Three-dimensional RGB lighting

The reason for the greater mass in relation to the Kone Pro is not only found in the additional keys that have been added, but also in the massively increased RGB LEDs. Roccat himself describes the interaction of numerous LEDs with the translucent housing as 3D RGB lighting. And indeed, an impression of depth is created that conventional RGB conversions cannot offer in this way. Divided into a total of eight zones, the LEDs can be configured as you wish. But the predefined color transitions also create an opulent play of light.

Image 1 of 6

Roccat Kone XP
Roccat Kone XP < /figure>

Roccat Kone XP
Roccat Kone XP
Roccat Kone XP
Roccat Kone XP

About sense and nonsense of the spectacle can of course be excellent to discuss. But if you want to consciously let your own setup shine in bright colors, you will definitely be happy with the lighting of the Kone XP. It's just a pity that Roccat hasn't reserved any LEDs to indicate the current sensor resolution or the active software profile.

Optomechanical primary and numerous secondary keys

A significant difference to many other mice can be found in the primary buttons. In the price segment, many manufacturers still use classic mechanical microswitches with a lifetime of 20 to 50 million clicks. Most of the time, however, the switches don't last nearly as long, because corrosion and dirt on the metal contacts will eventually no longer allow a clean signal to be produced before the debouncing time, which is aggressively set to a few milliseconds in gaming mice, has been overcome. The result: The input device can sometimes register a single click as a double click. A problem that is still common, but some manufacturers have become aware of it in recent years and are countering it in different ways.

The primary buttons like, but not so well

A frequently encountered approach in this regard is the use of opto-mechanical sensors: If a light barrier is closed instead of the metal contacts, the problem area outlined no longer exists. Roccat initially offered such a solution as a Titan Optical Switch in the Vulcan 120 AIMO keyboard (test), for example, before it found its way into mice with Burst Core and Burst Pro in early 2021. They were also used in the Kone Pro and Kone Pro Air. This puts Roccat in line with manufacturers who produce gaming mice with opto-mechanical switches, primarily Razer – the Basilisk V3 also has such buttons.

In the Kone XP, Razer's opto-mechanical switches are still better than the first generation in the Burst mice. However, for whatever reason, the tactility is not quite as good as that of the two Kone Pro models. However, the primary buttons of the new model are not spongy per se, even though the post-travel is higher. This means that the two button covers can be pushed down a little further after the actual switches have already been pressed. However, the lower tactility is accompanied by the advantage of reduced volume.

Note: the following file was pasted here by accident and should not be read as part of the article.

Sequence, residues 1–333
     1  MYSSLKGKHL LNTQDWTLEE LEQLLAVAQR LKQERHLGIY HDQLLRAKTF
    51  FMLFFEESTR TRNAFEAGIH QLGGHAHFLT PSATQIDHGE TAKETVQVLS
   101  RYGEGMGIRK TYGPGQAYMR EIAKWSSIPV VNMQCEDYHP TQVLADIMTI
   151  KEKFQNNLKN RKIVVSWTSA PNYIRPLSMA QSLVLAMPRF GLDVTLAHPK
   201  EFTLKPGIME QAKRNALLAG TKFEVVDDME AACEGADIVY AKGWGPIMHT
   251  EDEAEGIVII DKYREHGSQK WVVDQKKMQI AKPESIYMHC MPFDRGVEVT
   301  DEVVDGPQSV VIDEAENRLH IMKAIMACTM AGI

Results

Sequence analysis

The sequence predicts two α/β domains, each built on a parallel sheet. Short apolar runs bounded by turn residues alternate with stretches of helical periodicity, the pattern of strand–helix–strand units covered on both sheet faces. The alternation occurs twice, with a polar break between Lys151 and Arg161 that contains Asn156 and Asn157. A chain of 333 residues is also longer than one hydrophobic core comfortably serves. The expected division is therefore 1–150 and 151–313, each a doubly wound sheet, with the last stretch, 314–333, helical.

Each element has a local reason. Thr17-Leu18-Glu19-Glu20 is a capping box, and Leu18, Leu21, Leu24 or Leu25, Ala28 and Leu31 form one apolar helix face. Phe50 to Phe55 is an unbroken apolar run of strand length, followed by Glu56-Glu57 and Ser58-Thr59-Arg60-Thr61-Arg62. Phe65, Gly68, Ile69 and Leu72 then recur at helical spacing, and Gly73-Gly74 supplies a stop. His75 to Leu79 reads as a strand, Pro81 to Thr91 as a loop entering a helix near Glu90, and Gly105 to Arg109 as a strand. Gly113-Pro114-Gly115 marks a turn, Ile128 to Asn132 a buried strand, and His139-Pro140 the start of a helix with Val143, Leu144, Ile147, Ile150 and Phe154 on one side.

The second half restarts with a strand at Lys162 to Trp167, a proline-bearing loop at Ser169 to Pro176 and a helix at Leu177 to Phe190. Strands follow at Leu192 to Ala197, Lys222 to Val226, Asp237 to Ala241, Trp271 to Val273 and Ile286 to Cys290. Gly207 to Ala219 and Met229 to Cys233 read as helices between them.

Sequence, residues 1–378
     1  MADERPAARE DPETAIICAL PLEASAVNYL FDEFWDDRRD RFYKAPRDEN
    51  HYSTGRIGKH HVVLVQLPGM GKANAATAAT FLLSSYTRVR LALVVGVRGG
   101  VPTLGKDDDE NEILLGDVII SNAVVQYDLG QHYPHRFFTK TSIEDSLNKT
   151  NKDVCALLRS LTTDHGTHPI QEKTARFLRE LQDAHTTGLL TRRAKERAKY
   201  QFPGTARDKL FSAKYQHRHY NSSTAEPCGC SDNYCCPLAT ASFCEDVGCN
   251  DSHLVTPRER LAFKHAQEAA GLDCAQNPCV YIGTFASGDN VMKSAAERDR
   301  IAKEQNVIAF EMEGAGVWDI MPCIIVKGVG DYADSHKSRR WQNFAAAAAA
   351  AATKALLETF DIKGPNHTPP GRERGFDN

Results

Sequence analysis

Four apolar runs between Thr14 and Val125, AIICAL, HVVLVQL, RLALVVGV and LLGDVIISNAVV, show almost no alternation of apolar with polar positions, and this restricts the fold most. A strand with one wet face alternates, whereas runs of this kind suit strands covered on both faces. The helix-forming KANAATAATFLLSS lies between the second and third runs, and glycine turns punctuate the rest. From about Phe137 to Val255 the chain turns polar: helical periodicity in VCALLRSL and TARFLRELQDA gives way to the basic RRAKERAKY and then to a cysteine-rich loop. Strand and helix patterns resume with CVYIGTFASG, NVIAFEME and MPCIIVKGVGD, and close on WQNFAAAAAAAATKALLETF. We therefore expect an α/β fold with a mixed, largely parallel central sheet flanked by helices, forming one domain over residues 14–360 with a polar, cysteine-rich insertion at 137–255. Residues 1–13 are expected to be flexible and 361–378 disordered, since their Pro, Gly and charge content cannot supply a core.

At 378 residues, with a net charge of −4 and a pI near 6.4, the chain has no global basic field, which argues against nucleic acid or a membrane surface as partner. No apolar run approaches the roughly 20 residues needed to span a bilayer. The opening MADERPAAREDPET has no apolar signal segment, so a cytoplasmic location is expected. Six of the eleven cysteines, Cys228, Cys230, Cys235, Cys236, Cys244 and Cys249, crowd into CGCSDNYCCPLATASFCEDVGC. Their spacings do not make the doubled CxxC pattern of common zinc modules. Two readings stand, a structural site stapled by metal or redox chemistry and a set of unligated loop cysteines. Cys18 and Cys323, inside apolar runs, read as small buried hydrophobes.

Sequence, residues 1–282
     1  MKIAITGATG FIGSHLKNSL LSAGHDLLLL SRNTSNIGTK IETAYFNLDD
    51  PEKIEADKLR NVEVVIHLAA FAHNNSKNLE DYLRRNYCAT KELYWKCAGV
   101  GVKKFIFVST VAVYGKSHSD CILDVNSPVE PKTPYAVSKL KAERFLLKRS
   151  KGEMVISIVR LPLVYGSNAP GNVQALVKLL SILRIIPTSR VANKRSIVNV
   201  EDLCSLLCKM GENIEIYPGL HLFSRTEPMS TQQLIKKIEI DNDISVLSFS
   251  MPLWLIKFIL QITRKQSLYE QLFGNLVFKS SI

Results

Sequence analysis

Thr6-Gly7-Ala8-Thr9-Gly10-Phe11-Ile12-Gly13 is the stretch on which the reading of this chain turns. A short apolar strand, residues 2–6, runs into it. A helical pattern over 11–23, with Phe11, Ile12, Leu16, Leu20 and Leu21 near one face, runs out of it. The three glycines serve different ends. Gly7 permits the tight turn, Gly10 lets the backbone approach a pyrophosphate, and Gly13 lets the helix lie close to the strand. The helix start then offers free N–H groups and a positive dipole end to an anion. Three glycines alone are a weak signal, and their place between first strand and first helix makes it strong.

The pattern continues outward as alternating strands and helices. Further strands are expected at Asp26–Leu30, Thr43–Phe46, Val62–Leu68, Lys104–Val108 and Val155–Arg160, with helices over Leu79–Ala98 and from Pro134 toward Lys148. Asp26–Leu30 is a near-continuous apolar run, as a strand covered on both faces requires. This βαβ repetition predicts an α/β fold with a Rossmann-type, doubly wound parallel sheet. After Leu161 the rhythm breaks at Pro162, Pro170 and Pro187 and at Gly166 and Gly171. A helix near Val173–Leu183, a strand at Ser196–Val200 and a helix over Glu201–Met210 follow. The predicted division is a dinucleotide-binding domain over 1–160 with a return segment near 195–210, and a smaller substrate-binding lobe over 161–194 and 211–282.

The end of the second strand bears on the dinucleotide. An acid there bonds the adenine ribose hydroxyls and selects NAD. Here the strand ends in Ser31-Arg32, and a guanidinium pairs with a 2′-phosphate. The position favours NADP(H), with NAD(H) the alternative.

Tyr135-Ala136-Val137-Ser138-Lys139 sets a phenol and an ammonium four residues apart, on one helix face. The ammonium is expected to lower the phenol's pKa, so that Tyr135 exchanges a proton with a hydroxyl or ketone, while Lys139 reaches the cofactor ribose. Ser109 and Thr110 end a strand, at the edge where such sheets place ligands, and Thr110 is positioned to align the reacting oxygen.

Eight additional keys for the allround mouse status

Probably the biggest functional difference between the Kone Pro and the Kone XP can be found in the additional keys. The latter only offers two of them, since even the button on the back of the mouse that is otherwise common in the Kone family has been lost – because of the weight savings. Only two left-sided thumb buttons remained. The Kone XP has five of these, with a group of four placed on the flank and another additional button at the bottom. This can be operated by slightly moving your thumb downwards without lifting it.

Image 1 of 3

Roccat Kone XP
Roccat Roccat Kone Aimo Remastered

Since the button in question moves quite smoothly, it is quite conceivable that hectic mouse movement will result in unwanted triggering, especially with large thumbs. However, this never happened during the approximately two-week test period and due to the tester's quite large thumb. Nevertheless, the constellation described sometimes gives the impression of having your finger permanently on the trigger – and that can make you nervous. On the other hand, it is not possible to dodge upwards because, as already described, the four-button block quickly gets in the way.

The situation is a bit more relaxed with the two buttons to the left of the left mouse button, which are directly reminiscent of Logitech's G502 series in the genre of all-round mice. The two also like the pressure point, while the four switches on the left flank remain somewhat reserved in terms of their click feedback. However, the only really annoying thing is that the four key covers at the transition from the two front to the two rear side keys are quite sharp-edged. Incomprehensibly, because the other outer edges are rounded. However, if your thumb drags over the transition of the keys when looking for the right switch, it is not necessarily pleasant.

Roccat Kone XP
Razer Basilisk V3
Logitech G502
Roccat Kone Pro (Air)
Roccat Kone Aimo Remastered

When looking from the Kone Pro to the Kone XP, it is pleasing that the newcomer again has a button on the top. But only one – why? The Kone Aimo Remastered offers two buttons at this point, like many other gaming mice with a focus on a large number of buttons. It would probably have been better for the Kone XP to slim down the left side a bit in favor of other areas. On the other hand, the Kone XP also offers more buttons than the Aimo Remastered – and also more buttons than the G502 Hero and certainly more than the Basilisk V3.

Four-way mouse wheel cannot be released and is more difficult

The latter are ahead of the Roccat mouse when it comes to the mouse wheel. Although all four input devices mentioned have a four-way mouse wheel, only Logitech and Razer offer an optional free-running – i.e. not gridded and therefore much faster – rotation mode. In return, the wheel of the Kone XP is a bit quieter, but incomprehensibly it is also a bit stiffer than the wheel of the Kone Pro. The latter knew how to please with its aluminum surface and high tactility, despite its ease of movement. The wheel of the Kone XP, on the other hand, is a bit stiffer and usually has a rubberized surface.